ENTERTAINMENT
02/15/2017 05:53 am ET Updated Feb 15, 2017

Stephen Colbert Tops Jimmy Fallon In Ratings Again With Sharp Political Commentary

In the Age of Trump, Fallon's restrained style might not cut it.

In a world with a President Trump, it seems Jimmy Fallon’s softball approach to late-night comedy hasn’t been striking the same chord.

Stephen Colbert is once again the most popular late-night host in America, beating Fallon for the second week in a row in total viewers ― a first. Colbert’s “Late Show” on CBS averaged just over 3 million viewers last week, about 134,000 more than Fallon’s “Tonight Show” on NBC, Variety reports from Nielsen data. The week prior, Colbert’s show had slipped into the lead in total viewership by a margin of 12,000 viewers.

Fallon’s show, however, continues to dominate in a specific demographic popular with advertisers: adults ages 18-49. Colbert has managed to grow his audience thanks to older viewers, ages 50 and above, Deadline reports

The late-night ratings war will no doubt continue as turmoil in the Trump administration seemingly becomes the norm. And the two top hosts’ approach to current events could not be more different.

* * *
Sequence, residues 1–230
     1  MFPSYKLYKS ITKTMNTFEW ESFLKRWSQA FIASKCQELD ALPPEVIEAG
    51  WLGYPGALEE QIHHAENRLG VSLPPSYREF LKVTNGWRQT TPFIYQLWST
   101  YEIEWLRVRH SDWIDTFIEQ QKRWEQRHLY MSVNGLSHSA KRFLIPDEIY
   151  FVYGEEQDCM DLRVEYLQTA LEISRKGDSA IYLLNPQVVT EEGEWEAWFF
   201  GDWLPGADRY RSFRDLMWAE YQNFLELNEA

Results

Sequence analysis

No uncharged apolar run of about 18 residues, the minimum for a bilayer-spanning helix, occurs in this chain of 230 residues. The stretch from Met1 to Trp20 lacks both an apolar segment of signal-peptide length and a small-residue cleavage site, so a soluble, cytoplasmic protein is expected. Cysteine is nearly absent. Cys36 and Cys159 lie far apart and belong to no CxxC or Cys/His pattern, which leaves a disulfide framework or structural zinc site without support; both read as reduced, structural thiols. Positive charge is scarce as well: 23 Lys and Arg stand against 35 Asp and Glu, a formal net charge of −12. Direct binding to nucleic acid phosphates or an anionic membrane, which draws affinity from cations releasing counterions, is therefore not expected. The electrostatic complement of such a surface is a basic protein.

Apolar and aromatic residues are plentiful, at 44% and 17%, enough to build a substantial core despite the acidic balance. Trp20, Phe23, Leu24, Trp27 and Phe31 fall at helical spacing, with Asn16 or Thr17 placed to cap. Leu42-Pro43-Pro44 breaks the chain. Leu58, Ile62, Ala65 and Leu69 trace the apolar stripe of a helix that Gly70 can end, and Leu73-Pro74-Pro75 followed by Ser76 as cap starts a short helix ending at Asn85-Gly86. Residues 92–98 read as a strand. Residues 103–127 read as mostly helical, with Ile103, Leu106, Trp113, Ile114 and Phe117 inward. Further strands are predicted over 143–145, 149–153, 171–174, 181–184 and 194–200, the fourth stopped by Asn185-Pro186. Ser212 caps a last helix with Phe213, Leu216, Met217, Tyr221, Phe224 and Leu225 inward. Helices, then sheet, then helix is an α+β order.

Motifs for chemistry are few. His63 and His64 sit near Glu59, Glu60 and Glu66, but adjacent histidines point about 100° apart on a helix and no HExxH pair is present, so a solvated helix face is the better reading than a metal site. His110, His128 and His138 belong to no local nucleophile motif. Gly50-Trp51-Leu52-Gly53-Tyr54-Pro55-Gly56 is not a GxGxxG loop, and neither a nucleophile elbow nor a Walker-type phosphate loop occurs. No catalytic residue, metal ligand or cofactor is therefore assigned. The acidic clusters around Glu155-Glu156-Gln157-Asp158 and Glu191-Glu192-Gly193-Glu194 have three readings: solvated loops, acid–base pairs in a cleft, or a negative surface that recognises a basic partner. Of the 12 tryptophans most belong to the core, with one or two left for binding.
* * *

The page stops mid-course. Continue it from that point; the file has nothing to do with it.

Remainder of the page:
On Monday night, Colbert ran a segment spoofing White House senior adviser Stephen Miller’s assertion that he’d go “on any show” to defend Trump’s false statements, challenging the adviser to appear on “The Late Show.” The host also took issue with Miller’s statement that Trump’s powers “will not be questioned.” (”Let me test that theory: What the f**k are you talking about?”) Fallon took a lighter approach with jokes about Trump’s Secret Service code name (”Agent Orange”) and his alias (”Hugh Jands”) before diving into some Valentine’s Day tips and “Roomba Pong.” 

On Tuesday, Colbert kicked off the show with another monologue about the news cycle, slamming former National Security Adviser Michael Flynn as a “dummy.” (”Dummy, dummy.”) The same night, Fallon played charades and shared a dubstep version of the “Seinfeld” theme song. 

Political late-night shows have been making a splash, with NBC’s “Saturday Night Live” ― home of Alec Baldwin’s Trump impersonations and Melissa McCarthy as Sean Spicer ― enjoying a six-year ratings high

For comedy writers with sharp takes on current events, the Trump administration has provided a well of material that doesn’t seem like it’ll go dry anytime soon. And audiences are drinking it in.

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